Most helpful positive review
562 of 565 people found the following review helpful
Wonderful--Raise generations of butterflies!
on February 26, 2005
My son (age 5) got this from his grandparents for Christmas and it has been terrific fun for all of us. The first set of ten caterpillars grew visibly day-by-day, then pupated and emerged as butterflies in a few weeks. There is a lot of great information about painted lady and other butterfly species online and having this project got my son very interested in how a caterpillar turns into a butterfly so soon I found myself showing him multi-colored pictures of imaginal discs (the larval structures that produce the butterfly wing, leg etc. during metamorphosis) online at websites I found--a great way to get him interested in developmental biology. The first time we talked about this he decided they were actually "magical discs", given what these groups of cells can do...the whole process has been very entertaining for the whole family.... It is also really fun to have butterflies flitting around and caterpillars growing in the pavilion in the kitchen when it is gray and wintery outside.
How to raise more than one generation of critters inside:
Since we sent our coupon for larvae out immediately after Christmas, we had butterflies dancing around the pavilion and mating in February when there were no plants outside to collect for the next generation of caterpillars to eat. Anticipating this, I ordered a mallow plant and some additional larval food from Carolina Biological Supply Company at about the time when our caterpillars turned into chrysalises: there is an online store and the stuff to get is the L918 culture medium (144040). This will feed about 80 larvae. (Unfortunately the Insect Lore company, which makes the Pavilion, only sells caterpillar food in small quantities along with additional larvae, which we certainly didn't need).
How to do it: We set the mallow plant in the pavilion and the butterflies laid their eggs on the leaves where we could watch them darken and emerge as very tiny 1mm long new caterpillars. After 4-5 days of watching the caterpillars eat the mallow plant (making little tracks on the leaves) we prepared them new homes in caterpillar media. To do this, you can use either the original plastic containers that the first generation larvae are shipped in (clean them out and dish wash them) or use another small clear-sided plastic or glass jar with a lid. Clean the containers well (I wiped the inside with a paper towel with isopropyl alcohol on it after dishwashing to kill bacteria, which will contaminate the food and make the larvae sick). The food will come in two plastic containers (nearly full). One of these can be frozen for subsequent generations. Transfer the contents of one container to a covered microwaveable container and heat on medium in the microwave (swirling every 10-30 seconds to mix and avoid overheating) until it is a solution. Pour media into the bottoms of the larvae containers to a depth of about a quarter inch (this will make 4-5 new containers). If there is a lot of condensation on the sides after the media has hardened, you can wipe this away with a paper towel--I did this, but then again alcohol-wiped the inside solid surfaces and lid above the media. Cover the containers loosely (leave the lid slightly ajar) and put them somewhere to dry. I laid a clean paper towel over the collection of covered jars to keep dust/dirt from drifting in given the activity level of the children here. After a couple days of drying, these were ready for larvae. If necessary (ie., if not using the previously shipped containers) make very, very small air holes in the lid. Then use a toothpick or matchstick to collect each 2-4 mm long larva off of the mallow plant leaves and tap to drop them into the new container. Put a clean paper towel over the top of the container (under the lid) and re-cap the jar--now the paper will serve as a scaffold for new chrysalises to hang from and will allow air in while preventing the tiny caterpillars from escaping. Try to be relatively aseptic about this.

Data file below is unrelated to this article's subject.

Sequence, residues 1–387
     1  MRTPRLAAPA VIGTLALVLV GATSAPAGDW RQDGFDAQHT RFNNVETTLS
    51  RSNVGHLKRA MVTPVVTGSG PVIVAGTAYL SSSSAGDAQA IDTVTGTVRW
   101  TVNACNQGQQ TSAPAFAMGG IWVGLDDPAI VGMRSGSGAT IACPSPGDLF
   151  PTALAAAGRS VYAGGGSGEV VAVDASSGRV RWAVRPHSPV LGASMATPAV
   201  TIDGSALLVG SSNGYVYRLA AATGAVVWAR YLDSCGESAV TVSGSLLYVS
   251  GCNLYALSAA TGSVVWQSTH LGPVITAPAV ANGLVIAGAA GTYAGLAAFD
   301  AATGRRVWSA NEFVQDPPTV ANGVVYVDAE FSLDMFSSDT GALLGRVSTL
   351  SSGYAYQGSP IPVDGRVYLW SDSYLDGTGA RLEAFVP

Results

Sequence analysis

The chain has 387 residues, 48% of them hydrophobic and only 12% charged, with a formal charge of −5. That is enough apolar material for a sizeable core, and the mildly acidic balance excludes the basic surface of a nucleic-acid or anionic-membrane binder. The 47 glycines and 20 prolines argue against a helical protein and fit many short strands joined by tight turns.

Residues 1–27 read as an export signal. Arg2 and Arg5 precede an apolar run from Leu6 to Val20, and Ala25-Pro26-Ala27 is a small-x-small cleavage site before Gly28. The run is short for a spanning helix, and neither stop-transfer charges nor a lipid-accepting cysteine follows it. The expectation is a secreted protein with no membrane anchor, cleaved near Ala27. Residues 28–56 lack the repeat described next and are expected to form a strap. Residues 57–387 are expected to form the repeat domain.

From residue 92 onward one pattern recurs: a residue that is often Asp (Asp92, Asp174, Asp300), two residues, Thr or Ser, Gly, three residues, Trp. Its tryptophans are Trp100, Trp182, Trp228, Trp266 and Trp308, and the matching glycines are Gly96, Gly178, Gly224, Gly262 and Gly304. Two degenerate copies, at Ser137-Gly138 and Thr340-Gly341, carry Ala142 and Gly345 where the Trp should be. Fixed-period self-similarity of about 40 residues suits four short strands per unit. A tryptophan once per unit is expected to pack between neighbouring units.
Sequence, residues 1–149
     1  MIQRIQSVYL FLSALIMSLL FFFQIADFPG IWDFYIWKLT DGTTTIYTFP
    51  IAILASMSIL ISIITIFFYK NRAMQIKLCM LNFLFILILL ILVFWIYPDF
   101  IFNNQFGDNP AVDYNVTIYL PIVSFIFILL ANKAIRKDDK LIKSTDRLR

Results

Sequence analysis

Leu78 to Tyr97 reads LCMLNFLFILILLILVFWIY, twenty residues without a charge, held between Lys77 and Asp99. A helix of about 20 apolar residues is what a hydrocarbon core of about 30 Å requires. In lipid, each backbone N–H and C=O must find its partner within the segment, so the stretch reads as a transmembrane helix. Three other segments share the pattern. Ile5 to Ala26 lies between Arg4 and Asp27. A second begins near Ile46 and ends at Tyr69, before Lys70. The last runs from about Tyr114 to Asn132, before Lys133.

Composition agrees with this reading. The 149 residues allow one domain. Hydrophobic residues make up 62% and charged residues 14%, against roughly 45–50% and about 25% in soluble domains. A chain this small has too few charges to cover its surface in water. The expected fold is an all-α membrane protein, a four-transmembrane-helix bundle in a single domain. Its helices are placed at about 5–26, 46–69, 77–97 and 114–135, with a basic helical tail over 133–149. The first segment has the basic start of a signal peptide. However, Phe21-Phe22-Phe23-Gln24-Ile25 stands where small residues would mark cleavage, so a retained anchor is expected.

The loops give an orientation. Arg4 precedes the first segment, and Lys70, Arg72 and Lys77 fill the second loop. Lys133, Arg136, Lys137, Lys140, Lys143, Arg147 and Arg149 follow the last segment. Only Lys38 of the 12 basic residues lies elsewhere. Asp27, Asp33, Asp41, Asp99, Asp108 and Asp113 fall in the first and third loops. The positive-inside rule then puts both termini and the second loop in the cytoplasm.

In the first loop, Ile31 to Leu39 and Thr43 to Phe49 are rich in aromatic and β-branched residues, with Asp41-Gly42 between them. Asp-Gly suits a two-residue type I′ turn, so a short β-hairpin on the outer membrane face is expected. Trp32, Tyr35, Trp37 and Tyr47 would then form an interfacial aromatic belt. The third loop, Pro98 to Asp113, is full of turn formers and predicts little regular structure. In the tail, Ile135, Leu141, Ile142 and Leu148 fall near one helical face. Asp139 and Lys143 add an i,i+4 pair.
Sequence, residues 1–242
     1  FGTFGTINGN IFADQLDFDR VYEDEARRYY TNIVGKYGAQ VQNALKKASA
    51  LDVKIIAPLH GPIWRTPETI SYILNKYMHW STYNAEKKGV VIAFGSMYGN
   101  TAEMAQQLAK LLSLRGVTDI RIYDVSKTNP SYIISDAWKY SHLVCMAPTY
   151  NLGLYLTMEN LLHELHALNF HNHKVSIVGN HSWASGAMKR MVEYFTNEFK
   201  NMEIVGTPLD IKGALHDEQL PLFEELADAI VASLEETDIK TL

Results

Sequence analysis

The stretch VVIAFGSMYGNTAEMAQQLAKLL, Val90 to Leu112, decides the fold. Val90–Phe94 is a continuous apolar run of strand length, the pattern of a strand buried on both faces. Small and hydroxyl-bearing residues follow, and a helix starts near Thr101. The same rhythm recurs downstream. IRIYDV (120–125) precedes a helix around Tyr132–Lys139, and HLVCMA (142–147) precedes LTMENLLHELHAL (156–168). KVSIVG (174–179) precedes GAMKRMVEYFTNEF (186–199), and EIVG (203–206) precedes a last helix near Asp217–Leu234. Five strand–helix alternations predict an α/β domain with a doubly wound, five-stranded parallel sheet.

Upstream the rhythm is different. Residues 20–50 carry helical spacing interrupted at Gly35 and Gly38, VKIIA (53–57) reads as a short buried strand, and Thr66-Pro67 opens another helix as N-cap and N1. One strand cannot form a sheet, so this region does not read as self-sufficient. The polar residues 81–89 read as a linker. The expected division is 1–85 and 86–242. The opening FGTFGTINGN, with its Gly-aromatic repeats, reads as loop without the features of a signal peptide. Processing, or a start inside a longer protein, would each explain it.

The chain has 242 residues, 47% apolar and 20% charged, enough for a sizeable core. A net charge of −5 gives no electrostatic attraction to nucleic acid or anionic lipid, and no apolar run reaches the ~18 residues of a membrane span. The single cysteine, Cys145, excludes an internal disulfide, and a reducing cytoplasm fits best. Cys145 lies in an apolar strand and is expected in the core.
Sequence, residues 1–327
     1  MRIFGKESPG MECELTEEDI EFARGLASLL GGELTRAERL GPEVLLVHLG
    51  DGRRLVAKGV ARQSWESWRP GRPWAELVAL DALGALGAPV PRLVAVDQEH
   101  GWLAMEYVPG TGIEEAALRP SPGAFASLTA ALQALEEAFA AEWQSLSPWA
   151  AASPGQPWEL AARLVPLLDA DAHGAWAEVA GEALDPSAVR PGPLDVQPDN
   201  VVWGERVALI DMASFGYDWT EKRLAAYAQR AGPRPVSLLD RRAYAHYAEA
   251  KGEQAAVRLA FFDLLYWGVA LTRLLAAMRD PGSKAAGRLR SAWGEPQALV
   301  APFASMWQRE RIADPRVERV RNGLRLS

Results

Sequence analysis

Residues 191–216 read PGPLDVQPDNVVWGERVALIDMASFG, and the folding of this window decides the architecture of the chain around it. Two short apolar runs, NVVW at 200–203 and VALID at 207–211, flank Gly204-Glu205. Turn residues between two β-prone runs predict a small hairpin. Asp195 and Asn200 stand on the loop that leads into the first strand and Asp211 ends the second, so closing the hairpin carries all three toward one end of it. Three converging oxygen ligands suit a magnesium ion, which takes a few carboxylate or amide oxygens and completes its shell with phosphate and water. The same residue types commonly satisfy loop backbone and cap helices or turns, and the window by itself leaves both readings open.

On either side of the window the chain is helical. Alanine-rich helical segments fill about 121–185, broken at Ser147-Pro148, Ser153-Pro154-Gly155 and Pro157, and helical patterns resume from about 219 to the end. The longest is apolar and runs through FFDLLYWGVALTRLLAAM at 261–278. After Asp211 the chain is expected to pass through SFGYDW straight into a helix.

It appears that we're going to get about 20-30 new caterpillars from the first generation, which I should be able to accommodate with the larvae cups made above...hopefully by the time we've run out of this food and been through a couple more generations it will be summer and warm enough to release all of the butterflies we have outside. The pavilion is well made and sturdy enough that it should accommodate many other projects involving insects. All in all, we've been entirely pleased with this--a great gift that's had my son on the phone describing his butterflies' recent development to grandma and grandpa several times!
One more tip: the adult butterflies seem to become upended on the floor of the pavillion at times while they are flapping around and have trouble gaining traction to right themselves on the slick nylon surface. This shortened the lives of several of ours until I saw it happening and put some packing material (like easter straw) in there for them to stand on.